Tuesday, August 25, 2009

Mid-Week Mom Tip - Learning Colors

I love everything about Cindy's blog, 5 Silly Frogs, from her creative ideas to her book lists.

Check out this activity to reinforce color recognition, which works just as well with toddlers:

Fun with Green
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Sunday, August 23, 2009

Curious Toddlers - Homemade Activities

From the time they open their eyes in the morning until that last yawn of the day, toddlers are on a mission to explore. This leads to their reputation for “getting into things”.

Four ideas to keep them busy:

1. Twist On, Twist Off

Build a collection of different types of containers with screw-on tops like the ones below:

Not pictured, but perfect for little hands are empty plastic spice containers.

With lids secured loosely, let your child explore it a bit and then show her how to use her hand to twist it off. Start with two different types and gradually add more over time. Then add toys or balls to the closed containers to add interest (ping pong balls pictured work well in spice jars, but are still considered a choking hazard for young children. Please do not leave child unattended or only use balls at least 2” in diameter).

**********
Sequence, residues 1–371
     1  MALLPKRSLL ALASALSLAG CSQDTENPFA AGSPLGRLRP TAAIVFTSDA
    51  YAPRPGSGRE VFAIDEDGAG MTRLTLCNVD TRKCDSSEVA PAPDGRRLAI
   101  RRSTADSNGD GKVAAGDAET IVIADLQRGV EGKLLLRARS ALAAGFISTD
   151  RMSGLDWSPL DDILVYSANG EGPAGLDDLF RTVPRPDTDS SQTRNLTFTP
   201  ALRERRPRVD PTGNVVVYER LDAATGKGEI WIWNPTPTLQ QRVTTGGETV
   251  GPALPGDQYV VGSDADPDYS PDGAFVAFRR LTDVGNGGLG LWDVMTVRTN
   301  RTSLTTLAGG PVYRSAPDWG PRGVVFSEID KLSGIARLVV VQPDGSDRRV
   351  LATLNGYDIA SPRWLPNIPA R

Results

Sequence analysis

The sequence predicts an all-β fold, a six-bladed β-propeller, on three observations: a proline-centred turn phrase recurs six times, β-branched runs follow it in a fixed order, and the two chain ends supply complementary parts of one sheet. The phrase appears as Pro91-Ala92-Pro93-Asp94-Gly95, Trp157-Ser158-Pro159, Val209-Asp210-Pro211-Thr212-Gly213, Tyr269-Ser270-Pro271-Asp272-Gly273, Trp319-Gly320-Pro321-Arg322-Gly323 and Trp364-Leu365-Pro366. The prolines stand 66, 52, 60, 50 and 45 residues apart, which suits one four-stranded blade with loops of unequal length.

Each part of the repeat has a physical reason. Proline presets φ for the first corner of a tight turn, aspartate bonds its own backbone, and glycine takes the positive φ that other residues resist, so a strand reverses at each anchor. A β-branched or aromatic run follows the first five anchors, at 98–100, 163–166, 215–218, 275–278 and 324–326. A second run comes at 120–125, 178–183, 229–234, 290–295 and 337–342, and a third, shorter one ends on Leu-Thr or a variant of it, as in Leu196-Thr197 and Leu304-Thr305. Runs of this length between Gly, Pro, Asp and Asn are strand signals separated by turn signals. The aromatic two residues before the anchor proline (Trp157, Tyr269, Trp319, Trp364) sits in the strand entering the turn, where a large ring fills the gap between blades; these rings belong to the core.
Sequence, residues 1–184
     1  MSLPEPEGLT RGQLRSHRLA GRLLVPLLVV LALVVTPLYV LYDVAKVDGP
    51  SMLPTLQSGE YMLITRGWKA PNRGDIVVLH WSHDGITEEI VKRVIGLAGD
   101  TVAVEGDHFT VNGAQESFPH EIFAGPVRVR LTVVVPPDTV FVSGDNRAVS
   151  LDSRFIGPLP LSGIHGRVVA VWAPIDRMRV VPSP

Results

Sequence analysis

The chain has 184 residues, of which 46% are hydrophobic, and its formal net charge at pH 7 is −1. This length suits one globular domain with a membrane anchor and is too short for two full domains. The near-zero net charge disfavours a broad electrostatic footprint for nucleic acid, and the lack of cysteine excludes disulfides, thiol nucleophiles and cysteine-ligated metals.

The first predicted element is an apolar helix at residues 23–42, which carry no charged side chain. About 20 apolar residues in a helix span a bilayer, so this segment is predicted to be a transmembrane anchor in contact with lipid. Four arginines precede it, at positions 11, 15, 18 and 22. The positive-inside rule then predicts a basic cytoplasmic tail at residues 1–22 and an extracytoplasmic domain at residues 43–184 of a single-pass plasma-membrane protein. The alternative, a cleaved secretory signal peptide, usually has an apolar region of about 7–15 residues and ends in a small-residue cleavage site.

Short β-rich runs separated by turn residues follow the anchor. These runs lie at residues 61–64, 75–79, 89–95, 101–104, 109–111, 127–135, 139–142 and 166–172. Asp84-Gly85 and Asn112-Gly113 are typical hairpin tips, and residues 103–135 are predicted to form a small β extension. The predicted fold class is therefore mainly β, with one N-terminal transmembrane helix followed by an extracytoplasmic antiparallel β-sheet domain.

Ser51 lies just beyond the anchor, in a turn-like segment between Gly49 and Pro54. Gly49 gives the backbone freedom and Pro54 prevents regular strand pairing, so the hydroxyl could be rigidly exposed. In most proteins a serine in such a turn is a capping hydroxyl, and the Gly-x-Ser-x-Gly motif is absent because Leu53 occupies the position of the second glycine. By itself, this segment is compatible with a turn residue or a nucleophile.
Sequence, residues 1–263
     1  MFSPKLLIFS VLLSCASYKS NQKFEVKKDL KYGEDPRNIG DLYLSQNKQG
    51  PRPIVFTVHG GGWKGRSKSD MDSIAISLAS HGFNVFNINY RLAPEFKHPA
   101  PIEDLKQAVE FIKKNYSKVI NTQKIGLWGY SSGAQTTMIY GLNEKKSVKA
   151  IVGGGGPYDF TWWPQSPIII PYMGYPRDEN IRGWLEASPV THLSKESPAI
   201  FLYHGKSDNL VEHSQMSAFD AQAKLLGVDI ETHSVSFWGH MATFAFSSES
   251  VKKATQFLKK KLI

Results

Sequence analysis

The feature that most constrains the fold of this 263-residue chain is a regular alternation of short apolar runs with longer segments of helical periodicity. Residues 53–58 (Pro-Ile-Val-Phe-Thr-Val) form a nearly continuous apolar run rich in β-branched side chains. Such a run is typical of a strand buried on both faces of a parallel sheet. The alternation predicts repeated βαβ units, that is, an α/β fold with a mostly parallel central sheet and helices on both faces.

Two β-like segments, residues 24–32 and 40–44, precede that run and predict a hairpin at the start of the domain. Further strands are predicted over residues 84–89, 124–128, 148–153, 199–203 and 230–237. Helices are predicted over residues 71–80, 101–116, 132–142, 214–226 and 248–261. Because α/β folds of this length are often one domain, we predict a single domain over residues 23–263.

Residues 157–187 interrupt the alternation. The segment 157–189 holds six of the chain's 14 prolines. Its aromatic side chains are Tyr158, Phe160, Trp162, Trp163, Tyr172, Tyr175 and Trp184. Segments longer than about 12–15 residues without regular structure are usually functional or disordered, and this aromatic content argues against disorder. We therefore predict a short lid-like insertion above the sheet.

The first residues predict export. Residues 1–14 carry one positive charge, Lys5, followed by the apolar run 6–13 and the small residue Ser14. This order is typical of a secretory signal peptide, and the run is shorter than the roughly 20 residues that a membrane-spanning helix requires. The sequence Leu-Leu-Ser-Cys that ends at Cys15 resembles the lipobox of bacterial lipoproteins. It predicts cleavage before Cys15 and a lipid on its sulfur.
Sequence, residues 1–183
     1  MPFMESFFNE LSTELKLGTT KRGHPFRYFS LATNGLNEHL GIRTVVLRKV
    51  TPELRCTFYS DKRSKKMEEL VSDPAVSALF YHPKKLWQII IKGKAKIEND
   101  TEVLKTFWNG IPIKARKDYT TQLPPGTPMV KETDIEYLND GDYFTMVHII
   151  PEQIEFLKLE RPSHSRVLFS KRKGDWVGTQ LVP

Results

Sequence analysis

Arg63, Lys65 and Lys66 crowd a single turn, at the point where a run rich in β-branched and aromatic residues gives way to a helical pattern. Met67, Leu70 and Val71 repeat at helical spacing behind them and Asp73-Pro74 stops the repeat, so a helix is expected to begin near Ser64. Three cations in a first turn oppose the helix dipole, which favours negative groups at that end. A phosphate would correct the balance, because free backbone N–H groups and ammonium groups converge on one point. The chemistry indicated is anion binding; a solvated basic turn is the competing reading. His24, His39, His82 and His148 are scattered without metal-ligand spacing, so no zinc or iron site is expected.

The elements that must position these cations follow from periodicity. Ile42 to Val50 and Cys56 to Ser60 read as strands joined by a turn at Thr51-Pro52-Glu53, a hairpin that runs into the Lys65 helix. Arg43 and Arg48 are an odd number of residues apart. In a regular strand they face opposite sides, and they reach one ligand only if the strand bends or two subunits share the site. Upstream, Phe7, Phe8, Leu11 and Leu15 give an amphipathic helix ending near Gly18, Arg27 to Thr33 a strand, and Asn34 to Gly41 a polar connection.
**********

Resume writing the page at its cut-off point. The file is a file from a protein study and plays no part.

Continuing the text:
Keep your bottle collection in a small zippered duffle-type bag or men’s toiletry bag, and you’ve given your child another fine motor task to master.

2. Hinged Containers

Toddlers love to open and close hinged containers and fill and dump with small toys.

Check Grandma’s house for older tin versions of Bandaid containers (last year Walmart had special anniversary versions for sale,) or maybe you have some novelty types like those below. Bandaid brand also has a new plastic tough-type container.

Baby wipe containers that open and shut in a hinged fashion are also fun. For fine motor finger skills, try adding wash cloths for your child to pull out and stuff back in.

Note: Look for signs that your child is ready for these types of activities. If he is engaged and excited, it's the right level. If he finds any of it frustrating or loses interest, try again in another week. As you know, week to week children grow and develop by leaps and bounds.